• Install Git (Git is the source code control system). This is a one-time activity.
  • Check out the full source code repository. This includes documentation and tools for CI processes.
  • Install the tools mandated by the DevOps engineer - the CI tools. Modern software development uses Docker runtime for this.
  • Create a branch and write your code.
  • Test the changes locally in the development environment by leveraging the Docker container built by DevOps team.
  • Once tested locally, submit the code for review and commit to Git.

The important thing to note here is that all developers will follow the same process. All the developers will also use the same tooling that is provided by the DevOps team.

CI/CD - DevOps perspective

The DevOps engineer(s) have a completely different view of the CI/CD process. They are responsible for creating the various tools and systems so that all developers get consistent developer experience. DevOps engineers also ensure that the same technologies and tools are used in the official CI/CD process. Here are some salient aspects about the CI/CD process as seen by DevOps:

  • DevOps engineers discuss the build and test requirements with developers
  • Together, they agree upon the version of the software and libraries, the build tooling and the developer experience.
  • The DevOps engineers then implement the agreed requirements. Even though the requirements were jointly discussed and agreed, the ownership of the development environment, tooling etc lies with the DevOps engineers. This is needed to ensure that all developers get the same consistent experience.

Process for my blogs

I will use my blog writing as an example to explain the concepts dicussed so far. Since I am the owner and author of the blogs, I play the dual role of the Developer as well as the DevOps engineer. Here are some highlights of how I use the above CI/CD model and personas for my blogging.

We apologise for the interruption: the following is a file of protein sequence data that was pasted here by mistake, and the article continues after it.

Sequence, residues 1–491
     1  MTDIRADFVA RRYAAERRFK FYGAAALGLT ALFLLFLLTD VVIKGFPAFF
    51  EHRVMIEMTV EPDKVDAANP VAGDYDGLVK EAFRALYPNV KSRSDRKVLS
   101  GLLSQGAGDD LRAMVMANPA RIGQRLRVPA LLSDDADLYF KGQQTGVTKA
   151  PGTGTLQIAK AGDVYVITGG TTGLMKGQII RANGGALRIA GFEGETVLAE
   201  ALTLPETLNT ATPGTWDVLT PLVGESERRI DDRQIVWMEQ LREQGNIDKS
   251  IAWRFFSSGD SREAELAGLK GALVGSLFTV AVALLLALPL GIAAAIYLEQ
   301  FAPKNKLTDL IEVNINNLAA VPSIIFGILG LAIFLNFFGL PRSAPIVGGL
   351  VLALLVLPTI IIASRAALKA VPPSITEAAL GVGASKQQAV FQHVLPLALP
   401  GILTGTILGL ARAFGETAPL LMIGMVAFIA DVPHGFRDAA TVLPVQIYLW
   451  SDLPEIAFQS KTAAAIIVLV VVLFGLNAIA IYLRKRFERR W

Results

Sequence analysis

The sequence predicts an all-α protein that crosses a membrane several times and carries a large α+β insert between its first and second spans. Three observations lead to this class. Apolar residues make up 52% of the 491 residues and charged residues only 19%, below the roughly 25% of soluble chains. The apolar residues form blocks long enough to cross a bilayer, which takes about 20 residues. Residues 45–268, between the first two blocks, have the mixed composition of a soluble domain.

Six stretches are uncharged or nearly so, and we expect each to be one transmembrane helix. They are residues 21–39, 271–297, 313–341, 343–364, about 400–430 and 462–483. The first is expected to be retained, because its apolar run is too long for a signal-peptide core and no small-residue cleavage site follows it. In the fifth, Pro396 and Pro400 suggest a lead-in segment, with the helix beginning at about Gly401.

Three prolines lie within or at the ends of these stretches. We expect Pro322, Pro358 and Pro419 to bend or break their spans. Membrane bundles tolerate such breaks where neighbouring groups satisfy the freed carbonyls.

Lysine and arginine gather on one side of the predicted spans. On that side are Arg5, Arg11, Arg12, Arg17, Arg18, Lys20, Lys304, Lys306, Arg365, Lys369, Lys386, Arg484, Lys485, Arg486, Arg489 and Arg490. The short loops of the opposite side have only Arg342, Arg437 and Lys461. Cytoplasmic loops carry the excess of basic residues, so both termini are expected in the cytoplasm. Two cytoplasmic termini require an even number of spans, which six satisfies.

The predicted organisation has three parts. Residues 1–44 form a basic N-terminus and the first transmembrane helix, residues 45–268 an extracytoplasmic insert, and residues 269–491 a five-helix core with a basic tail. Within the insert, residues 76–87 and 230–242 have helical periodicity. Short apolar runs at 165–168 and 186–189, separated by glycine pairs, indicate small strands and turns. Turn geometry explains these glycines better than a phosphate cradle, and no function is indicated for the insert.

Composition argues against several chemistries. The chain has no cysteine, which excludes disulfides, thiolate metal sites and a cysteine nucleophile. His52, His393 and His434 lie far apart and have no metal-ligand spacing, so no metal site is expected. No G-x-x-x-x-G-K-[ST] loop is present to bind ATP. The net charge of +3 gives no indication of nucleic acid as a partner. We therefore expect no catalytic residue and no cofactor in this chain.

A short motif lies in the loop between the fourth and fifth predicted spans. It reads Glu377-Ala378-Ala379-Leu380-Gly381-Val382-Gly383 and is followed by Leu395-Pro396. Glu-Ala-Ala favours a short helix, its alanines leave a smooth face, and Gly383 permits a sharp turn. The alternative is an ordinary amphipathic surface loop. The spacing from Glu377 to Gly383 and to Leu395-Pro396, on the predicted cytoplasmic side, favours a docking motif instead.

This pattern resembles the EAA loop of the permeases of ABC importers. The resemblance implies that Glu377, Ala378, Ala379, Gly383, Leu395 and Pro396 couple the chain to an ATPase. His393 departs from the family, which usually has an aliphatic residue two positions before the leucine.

• When I write blogs, I basically don the persona of the developer.
  • I use a specific version of hugo and a specific visual theme for my blogs.
  • I use Docker containers to test my blogs locally.
  • The build artifact for my blogs is the static HTML files generated by hugo.
  • I use the nginx Docker image to test the artifacts.
  • Finally I use the aws-cli Docker image to deploy the artifacts to AWS S3 bucket.
  • If I were to add another blog writer (another Developer persona) - all they will need is Git and Docker to be installed. Using these two tools, they will be able to follow the exact same process that I have been following.


We have discussed the two different personas when it comes to the CI/CD process - the developer and the DevOps engineer. Together they are responsible for delivering high quality software products efficiently to the end users.

In the next blog we will look at the specific technologies and tools that I use for my hugo based blogs. We will use that as a reference to show how modern CI/CD tooling can be built to ensure consistency between developers and the CI/CD systems.